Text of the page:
With sewing, there often are many different ways to achieve the same result. Some methods are easier to sew, some methods work better for different fabrics and some methods are simply a matter of personal preference.
Whenever a pattern goes through testing, I get a ton of feedback from the testers. Some of it results in changing the pattern to make it clearer. The other feedback is about alternatives. ‘I like to sew my binding like this’ or ‘I would have added interfacing.’ These comments are great because they lead to blog posts like this!
I’ve written the Belcarra instructions the way that gives you the best results in my opinion. But there are many alternative construction ideas that you might prefer! I’m cheating and showing similar photos, or photos using different patterns that are close, to give you a starting point if you wanted to get going right away.
Leave one shoulder seam open on the sleeve. Sew the binding to the neckline flat, instead of in a loop. Then sew up the shoulder seam to close the neckline. It would be similar to the way the armhole binding is sewn on the Pendrell Blouse – see the full sewing step with photos here.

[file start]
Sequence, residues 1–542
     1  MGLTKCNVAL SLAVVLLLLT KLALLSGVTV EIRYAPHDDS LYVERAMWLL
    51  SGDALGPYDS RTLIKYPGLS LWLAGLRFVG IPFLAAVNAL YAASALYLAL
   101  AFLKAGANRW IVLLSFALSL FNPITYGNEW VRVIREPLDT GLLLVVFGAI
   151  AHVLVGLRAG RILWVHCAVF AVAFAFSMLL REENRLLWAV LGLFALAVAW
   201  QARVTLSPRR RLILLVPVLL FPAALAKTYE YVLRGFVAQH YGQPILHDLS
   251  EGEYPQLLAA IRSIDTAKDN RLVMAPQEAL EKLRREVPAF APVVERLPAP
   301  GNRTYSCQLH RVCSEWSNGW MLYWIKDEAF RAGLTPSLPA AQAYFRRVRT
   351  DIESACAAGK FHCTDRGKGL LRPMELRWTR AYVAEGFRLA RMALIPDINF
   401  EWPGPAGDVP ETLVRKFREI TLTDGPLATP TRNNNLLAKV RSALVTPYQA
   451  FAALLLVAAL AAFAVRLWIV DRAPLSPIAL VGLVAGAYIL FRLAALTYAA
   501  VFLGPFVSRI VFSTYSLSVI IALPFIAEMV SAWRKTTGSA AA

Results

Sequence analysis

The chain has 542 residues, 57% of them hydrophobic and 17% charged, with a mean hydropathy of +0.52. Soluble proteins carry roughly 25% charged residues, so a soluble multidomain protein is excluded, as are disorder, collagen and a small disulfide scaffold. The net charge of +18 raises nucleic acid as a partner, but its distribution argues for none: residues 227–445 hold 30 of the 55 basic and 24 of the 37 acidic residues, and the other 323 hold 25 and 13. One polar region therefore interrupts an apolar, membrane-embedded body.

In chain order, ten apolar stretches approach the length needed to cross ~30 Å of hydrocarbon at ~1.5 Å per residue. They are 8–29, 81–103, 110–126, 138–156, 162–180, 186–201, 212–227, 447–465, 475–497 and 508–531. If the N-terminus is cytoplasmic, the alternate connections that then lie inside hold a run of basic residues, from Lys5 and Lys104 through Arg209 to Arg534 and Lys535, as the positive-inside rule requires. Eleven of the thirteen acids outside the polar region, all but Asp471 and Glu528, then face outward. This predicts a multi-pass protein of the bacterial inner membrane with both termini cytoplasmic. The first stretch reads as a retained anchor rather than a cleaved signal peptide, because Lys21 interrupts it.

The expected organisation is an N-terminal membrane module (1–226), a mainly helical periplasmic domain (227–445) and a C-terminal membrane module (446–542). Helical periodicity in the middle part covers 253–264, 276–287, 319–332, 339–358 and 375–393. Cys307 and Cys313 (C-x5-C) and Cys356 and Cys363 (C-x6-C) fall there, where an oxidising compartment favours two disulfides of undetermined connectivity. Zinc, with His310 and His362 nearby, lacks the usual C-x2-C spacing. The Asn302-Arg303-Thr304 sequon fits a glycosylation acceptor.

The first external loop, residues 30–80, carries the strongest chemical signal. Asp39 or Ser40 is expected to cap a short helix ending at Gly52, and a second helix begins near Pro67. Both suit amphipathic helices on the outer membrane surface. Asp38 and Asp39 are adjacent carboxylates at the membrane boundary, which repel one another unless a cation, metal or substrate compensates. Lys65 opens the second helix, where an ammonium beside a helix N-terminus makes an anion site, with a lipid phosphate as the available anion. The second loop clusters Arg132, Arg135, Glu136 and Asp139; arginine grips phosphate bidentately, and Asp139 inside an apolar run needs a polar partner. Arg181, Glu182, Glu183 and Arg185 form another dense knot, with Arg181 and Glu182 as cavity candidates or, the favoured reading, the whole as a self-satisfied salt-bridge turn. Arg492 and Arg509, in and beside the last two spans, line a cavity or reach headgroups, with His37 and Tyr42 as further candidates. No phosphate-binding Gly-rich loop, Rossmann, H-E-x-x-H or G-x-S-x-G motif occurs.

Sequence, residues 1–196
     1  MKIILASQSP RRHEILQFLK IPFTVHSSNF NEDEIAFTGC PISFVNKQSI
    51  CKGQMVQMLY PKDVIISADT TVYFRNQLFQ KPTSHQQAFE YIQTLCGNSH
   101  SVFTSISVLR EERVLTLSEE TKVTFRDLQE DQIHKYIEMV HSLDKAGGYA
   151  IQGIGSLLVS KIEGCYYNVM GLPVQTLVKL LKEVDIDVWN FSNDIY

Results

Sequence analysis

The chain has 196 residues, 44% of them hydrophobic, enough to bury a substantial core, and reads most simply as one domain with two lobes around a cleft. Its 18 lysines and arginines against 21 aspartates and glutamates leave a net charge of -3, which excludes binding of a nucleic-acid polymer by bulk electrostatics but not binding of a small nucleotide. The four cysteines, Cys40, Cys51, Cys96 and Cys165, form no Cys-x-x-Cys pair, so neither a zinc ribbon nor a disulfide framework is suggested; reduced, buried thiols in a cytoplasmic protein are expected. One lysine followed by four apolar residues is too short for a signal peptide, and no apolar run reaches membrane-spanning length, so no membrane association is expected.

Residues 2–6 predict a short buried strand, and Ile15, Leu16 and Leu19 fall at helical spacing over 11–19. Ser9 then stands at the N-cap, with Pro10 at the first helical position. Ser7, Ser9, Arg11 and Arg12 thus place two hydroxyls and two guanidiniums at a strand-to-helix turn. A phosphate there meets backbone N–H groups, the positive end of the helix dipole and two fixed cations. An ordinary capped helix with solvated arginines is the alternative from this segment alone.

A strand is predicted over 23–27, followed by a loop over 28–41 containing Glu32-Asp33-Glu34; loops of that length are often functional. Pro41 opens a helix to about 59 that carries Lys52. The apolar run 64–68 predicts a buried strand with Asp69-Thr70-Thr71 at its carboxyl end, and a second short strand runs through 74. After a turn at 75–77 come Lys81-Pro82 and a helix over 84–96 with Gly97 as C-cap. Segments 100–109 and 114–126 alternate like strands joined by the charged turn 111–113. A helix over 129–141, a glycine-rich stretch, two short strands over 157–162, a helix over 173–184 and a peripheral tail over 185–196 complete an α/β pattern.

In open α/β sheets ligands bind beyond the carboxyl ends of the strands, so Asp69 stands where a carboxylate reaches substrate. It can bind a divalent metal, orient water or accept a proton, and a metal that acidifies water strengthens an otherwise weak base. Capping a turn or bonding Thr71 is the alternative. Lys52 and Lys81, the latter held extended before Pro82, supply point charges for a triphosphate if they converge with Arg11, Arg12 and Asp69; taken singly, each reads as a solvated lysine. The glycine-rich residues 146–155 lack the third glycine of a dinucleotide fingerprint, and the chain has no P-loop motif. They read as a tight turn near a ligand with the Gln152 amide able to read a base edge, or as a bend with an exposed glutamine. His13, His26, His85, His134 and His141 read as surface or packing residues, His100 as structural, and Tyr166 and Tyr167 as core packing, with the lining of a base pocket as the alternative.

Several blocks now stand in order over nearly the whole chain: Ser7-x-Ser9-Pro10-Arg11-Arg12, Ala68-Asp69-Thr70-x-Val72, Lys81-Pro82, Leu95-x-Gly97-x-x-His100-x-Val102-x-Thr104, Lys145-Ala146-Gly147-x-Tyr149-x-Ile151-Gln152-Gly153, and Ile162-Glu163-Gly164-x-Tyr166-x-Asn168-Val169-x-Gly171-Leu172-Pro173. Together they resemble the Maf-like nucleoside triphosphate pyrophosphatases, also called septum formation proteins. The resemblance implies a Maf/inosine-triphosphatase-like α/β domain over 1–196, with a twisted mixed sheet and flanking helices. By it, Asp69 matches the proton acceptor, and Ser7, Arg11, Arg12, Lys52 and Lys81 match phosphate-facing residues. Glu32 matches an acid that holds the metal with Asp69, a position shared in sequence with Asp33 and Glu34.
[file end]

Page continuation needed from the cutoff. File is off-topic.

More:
And here is where you could leave the neck opening open, at the left shoulder seam:
Understitching the Neck Binding:
You might get a flatter neck binding if you understitch the binding first, then sew it a second time with the edgestitching. In this photo I have not, but you can see how an extra row of stitching would flatten the edge along the neckline!
Leave the side seam and underarm seam open. Leave the cuff seam open as well. Sew the cuff to the sleeve flat, and sew up the underarm seam and the cuff seam as one. You’ll want to tack the seam allowance to one side so it doeesn’t show as much. In this photo, you’d be sewing up that side-armhole seam last of all, after the cuff is attached.
Interfacing the cuffs:
Depending on your fabric, you might want to interface the cuffs. I didn’t want a stiff look to the cuffs, and they’re on the bias so they stretch and move, so I wanted them un-interfaced. You might want a crisper look though for your blouse.
You could also press up the hem 5/8” (1.5 cm), then another 5/8” (1.5cm) to enclose the raw edge. I did this on a version of the blouse I haven’t posted yet, and it works well. It’s especially good for sheer fabric, so the edge of the fabric fills in the hemline. I find this hard to explain but if the raw edge was shorter than the hem, you’d see the ridge of the fabric edge through to the right side.
Hope this gives you some ideas for your Belcarra Blouse!